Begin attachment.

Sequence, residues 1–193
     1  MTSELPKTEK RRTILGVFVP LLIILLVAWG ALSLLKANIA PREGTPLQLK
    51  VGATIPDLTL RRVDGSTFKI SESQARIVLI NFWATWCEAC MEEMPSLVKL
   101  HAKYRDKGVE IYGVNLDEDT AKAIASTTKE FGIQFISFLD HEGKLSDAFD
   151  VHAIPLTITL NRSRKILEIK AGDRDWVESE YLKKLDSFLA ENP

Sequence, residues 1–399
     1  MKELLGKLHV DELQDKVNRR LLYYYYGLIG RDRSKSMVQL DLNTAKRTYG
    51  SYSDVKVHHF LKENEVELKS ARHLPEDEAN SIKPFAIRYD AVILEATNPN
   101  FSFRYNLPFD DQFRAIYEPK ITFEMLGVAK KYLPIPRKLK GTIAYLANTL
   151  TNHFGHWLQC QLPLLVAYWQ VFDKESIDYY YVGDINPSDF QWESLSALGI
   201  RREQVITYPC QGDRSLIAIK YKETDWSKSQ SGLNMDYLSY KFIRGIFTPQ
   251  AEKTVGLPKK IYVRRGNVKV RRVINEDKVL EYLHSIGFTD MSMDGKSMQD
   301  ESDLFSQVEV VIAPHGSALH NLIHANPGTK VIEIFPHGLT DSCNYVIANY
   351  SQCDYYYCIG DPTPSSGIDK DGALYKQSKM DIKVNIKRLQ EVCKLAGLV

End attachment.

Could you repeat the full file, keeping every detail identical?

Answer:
Sequence, residues 1–193
     1  MTSELPKTEK RRTILGVFVP LLIILLVAWG ALSLLKANIA PREGTPLQLK
    51  VGATIPDLTL RRVDGSTFKI SESQARIVLI NFWATWCEAC MEEMPSLVKL
   101  HAKYRDKGVE IYGVNLDEDT AKAIASTTKE FGIQFISFLD HEGKLSDAFD
   151  VHAIPLTITL NRSRKILEIK AGDRDWVESE YLKKLDSFLA ENP

Sequence, residues 1–399
     1  MKELLGKLHV DELQDKVNRR LLYYYYGLIG RDRSKSMVQL DLNTAKRTYG
    51  SYSDVKVHHF LKENEVELKS ARHLPEDEAN SIKPFAIRYD AVILEATNPN
   101  FSFRYNLPFD DQFRAIYEPK ITFEMLGVAK KYLPIPRKLK GTIAYLANTL
   151  TNHFGHWLQC QLPLLVAYWQ VFDKESIDYY YVGDINPSDF QWESLSALGI
   201  RREQVITYPC QGDRSLIAIK YKETDWSKSQ SGLNMDYLSY KFIRGIFTPQ
   251  AEKTVGLPKK IYVRRGNVKV RRVINEDKVL EYLHSIGFTD MSMDGKSMQD
   301  ESDLFSQVEV VIAPHGSALH NLIHANPGTK VIEIFPHGLT DSCNYVIANY
   351  SQCDYYYCIG DPTPSSGIDK DGALYKQSKM DIKVNIKRLQ EVCKLAGLV